Brian Holden, Director, Financial Services at SAS UK & Ireland, said:
“It’s notable that in times of need customers value being able to communicate with their bank and place an even higher value on good customer service. A rise in the number of digital customers means banks can now reach a wider audience online, leveraging AI and analytics to offer a more personalised experience.
“There is work to be done, though. Even greater personalisation is needed if banks are to win over the 12% of customers who felt banking services deteriorated over lockdown. And this personalisation will need to get right down to a segment of one to properly reflect the unique circumstances some individuals now find themselves in due to the pandemic.”
While the number of digital users grew over lockdown, there is still a quarter (24%) of the banking customer base that have chosen not to make the switch to digital services.
Meanwhile, failure to offer a consistently satisfactory customer experience could prove costly for banks, with a third (33%) of customers claiming that they would ditch a company after just one poor experience. This number jumps to 90% for between one and five poor examples of customer service, so this just underlines how much retail banks can win or lose in these difficult times.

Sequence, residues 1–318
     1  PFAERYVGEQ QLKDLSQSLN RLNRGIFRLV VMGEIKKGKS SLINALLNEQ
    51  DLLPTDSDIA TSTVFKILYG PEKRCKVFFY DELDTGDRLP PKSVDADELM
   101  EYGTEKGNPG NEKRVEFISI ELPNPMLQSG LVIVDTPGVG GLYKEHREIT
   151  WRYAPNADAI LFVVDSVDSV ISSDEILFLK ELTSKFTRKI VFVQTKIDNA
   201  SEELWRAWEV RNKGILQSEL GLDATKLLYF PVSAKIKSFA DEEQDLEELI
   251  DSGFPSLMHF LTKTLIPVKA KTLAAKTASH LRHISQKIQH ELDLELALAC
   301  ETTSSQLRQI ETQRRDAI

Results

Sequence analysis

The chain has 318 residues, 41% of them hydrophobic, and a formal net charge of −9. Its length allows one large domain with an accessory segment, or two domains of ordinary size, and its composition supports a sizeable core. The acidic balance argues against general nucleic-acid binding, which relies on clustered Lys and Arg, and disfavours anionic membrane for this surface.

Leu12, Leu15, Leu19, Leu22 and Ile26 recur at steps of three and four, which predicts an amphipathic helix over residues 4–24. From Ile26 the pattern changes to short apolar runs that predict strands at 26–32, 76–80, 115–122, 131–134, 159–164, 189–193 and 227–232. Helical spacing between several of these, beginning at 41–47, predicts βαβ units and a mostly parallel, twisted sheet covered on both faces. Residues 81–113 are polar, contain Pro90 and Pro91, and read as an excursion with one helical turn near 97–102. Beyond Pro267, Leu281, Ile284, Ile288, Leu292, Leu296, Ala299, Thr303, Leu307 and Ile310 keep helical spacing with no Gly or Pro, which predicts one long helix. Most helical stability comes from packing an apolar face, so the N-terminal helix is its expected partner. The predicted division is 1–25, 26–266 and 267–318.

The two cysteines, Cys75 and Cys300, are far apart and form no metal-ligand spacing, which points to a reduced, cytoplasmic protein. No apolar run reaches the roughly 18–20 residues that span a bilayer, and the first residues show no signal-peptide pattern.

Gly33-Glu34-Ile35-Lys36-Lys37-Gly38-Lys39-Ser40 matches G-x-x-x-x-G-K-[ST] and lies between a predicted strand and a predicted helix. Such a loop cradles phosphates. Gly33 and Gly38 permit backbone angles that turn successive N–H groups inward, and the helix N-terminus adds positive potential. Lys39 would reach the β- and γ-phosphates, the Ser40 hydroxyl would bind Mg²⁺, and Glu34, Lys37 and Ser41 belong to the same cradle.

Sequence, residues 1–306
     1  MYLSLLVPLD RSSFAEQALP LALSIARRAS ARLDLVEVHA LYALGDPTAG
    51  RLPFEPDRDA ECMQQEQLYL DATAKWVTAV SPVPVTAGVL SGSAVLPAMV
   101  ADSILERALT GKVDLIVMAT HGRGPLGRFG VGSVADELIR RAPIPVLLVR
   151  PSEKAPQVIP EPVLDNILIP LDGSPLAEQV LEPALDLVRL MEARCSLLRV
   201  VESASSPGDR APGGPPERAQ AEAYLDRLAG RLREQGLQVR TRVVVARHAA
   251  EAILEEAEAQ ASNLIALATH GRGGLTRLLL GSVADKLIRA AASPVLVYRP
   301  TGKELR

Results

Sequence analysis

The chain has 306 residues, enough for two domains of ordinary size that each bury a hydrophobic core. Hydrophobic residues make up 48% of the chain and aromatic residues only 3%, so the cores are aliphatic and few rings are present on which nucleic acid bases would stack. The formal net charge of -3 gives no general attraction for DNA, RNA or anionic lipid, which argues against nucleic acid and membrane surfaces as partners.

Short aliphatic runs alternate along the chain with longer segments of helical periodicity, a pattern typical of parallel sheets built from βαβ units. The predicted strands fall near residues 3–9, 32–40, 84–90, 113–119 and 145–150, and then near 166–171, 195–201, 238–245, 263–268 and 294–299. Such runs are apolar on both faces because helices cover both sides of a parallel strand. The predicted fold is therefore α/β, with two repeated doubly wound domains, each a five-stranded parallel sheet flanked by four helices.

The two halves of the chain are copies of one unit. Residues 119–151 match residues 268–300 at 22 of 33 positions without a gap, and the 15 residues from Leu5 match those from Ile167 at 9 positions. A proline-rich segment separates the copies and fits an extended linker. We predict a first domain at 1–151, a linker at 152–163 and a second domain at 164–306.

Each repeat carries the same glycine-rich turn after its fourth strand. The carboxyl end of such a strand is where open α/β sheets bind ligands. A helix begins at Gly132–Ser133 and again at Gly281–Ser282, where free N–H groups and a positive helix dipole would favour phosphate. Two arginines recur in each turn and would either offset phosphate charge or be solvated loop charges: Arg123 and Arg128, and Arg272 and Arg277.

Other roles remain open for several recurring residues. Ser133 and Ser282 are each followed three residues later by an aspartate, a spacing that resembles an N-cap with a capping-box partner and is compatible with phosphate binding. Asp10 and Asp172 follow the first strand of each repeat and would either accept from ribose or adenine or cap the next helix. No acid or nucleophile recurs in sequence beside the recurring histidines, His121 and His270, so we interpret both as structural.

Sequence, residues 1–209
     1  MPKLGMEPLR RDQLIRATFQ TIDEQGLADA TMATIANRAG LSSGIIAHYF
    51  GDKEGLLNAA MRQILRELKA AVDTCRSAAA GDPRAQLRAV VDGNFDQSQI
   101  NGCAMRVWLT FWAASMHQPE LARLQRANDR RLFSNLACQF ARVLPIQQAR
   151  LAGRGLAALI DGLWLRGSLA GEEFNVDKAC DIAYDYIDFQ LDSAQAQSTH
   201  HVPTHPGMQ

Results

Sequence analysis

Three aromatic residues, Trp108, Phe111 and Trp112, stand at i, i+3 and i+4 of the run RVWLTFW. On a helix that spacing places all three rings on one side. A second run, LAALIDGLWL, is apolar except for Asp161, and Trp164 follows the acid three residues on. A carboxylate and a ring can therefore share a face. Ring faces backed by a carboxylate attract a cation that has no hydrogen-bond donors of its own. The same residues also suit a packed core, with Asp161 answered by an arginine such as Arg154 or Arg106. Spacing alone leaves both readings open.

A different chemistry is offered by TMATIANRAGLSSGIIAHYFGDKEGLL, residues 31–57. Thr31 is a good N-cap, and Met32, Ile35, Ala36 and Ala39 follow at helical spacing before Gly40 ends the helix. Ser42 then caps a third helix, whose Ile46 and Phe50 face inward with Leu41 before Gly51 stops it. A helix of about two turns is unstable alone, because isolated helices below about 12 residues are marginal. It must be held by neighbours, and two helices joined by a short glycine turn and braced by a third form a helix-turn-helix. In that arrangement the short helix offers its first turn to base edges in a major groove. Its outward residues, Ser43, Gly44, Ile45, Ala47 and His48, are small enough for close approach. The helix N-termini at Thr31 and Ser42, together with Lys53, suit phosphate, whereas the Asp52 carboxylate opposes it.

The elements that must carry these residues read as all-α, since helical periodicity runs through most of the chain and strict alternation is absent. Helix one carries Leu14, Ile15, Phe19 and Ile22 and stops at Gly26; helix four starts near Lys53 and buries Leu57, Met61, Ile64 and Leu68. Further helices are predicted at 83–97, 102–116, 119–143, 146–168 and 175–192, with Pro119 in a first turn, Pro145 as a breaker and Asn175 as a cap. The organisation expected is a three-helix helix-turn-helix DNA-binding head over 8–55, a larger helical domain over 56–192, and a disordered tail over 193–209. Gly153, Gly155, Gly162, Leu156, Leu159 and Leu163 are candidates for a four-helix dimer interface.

For more insight into how other industries across EMEA performed during lockdown, download the full report: Experience 2030: Has COVID-19 created a new kind of customer?
Swedish Bank Stress Tests in Line with Recent Rating Actions
The Swedish Financial Supervisory Authority’s (FSA) latest stress test results show major Swedish banks’ robust ability to absorb credit losses. The results support Fitch Ratings’ view that short-term risks have abated in recent months, and are in line with Fitch’s assessment of major Swedish banks’ capitalisation at ‘aa-‘, which was a factor when Fitch removed the ratings of Handelsbanken, Nordea (not covered by the FSA’s stress test) and SEB from Rating Watch Negative in September.
The FSA estimated about SEK130 billion of credit losses over 2020-2022 for the three largest banks (Swedbank, Handelsbanken and SEB) under its stress test. This represents about 220bp of their loans, or about 70bp annually. However, the banks’ pre-impairment profitability in the stress test could absorb credit losses of up to about 110bp of loans annually. Fitch’s baseline expectation is for credit losses below 20bp of loans in 2020 and 8bp-12bp in 2021.